After roll call, cafeinization, and one or two brief opening remarks, the Admiral turned the meeting over to Neugeborn. Referring to the graphs and charts that Martinez and Yamamoto had prepared, the VICAP Director spoke for about thirty minutes. Before the meeting, the Admiral had warned him that the attendees should not be kept for more than an hour, and that they would have many questions, not to mention speeches designed to ensure backside coverage. As these directives implied, McCarty's opinion was that Fred's proposal would be grudgingly accepted.
The gist of Neugeborn's presentation was an appeal for the ad- hoc group to authorize the extraordinary use of the Pegasus/Phantom system in Moldova and several African countries. His argument mentioned, in passing, that Ukraine had been denied use of P/Phantom. He carefully avoided the question of whether the system was already in operation against Putin or other dictators. Nor did he so much as mention the name of Ramesh Subramanian, or the vendetta that he had been directing at John Robinson.
Instead, Neugeborn's presentation emphasized the need to bolster NATO's ongoing mission to protect Ukraine, "without putting boots on the ground." An ancillary argument was that P/Phantom could legitimately be used to fight Moldovan criminal cartels that were, with Russian backing, violating the human rights of refugees, disrupting Moldova's fragile economy, and providing funds to support the Russian war machine.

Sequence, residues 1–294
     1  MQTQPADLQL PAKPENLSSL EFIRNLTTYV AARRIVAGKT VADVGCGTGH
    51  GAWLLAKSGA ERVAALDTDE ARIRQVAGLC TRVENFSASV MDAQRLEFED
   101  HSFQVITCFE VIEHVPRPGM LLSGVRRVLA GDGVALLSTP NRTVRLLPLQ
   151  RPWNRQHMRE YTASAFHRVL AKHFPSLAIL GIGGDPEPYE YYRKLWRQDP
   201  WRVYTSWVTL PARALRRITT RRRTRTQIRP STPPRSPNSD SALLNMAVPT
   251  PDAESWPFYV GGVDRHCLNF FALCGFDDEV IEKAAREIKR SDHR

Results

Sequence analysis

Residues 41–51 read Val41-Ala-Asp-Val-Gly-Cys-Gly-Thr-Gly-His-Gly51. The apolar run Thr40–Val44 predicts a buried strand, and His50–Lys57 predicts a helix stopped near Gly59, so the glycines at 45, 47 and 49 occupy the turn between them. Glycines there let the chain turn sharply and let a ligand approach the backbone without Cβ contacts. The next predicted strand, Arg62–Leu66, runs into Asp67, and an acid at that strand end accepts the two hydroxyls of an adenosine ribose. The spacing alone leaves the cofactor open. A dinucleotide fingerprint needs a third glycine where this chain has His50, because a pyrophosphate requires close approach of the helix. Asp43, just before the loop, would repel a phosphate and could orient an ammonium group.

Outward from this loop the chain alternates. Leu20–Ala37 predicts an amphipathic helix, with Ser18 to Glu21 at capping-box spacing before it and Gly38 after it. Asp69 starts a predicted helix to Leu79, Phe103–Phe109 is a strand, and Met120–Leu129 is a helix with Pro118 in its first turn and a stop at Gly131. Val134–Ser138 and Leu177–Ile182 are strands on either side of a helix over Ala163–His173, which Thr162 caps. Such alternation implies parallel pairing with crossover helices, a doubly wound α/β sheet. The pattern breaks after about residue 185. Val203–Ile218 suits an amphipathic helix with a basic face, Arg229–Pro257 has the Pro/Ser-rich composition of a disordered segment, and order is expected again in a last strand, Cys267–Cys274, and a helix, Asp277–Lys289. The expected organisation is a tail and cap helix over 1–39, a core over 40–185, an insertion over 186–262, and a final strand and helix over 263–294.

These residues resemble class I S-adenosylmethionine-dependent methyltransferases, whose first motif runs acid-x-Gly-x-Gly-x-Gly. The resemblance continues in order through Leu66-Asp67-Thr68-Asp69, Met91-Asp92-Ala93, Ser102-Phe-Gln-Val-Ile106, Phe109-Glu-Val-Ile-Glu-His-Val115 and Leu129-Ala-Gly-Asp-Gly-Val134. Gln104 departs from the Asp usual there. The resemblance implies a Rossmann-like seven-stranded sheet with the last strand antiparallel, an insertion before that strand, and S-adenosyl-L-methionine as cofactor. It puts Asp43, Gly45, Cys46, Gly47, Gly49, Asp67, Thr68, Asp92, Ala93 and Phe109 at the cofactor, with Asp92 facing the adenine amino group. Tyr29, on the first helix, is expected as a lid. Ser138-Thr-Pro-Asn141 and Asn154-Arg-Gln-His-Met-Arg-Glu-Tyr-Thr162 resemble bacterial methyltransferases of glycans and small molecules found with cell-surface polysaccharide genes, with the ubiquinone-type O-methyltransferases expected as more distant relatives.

Fred's final point was, "And finally, as I'm sure everyone at this table knows, both in designing the Pegasus/Phantom system, and in licensing the system to us — the FBI — the Israelis stipulated that the system was intended not to suppress dissidents, but to fight crime." He did not add, "or terrorism."
That there were few questions, Fred thought, had two principal causes: the effectiveness of Bob and Patsy's brief, and the participants' wish still to be able to cover their backsides, — and those of their masters — should the Bureau's plan fail, or be exposed.
Perhaps the most trenchant comment was made by the Assistant Secretary of State, a Republican lawyer from Alabama. It was a peroration, of sorts: "Frankly," he said, with a preliminary chortle, "I don't see how we can turn down Director Neugeborn's fine proposal, except to say that, if his plan doesn't pan out, the folks in this room will be scrambling for cover — with a lot of egg on our faces!" Neugeborn thought that, if John Robinson had been present, he would have enjoyed the Alabaman's folksy mixed metaphor.
At that moment, 1723 hours local (Moldovan) time, Robinson had just finished chatting with Diodur Fedoruk over a late lunch at a modest cafe a few blocks from the Embassy. Robinson's friend and colleague had summarized Fred Neugeborn's proposal in D.C. that morning, and guessed that it would be accepted. When they had finished eating, Fedoruk signalled to their server, a young woman, to bring the check. After he had signed for it, and she had left them, he arrived at a somewhat surprising peroration to their conversation.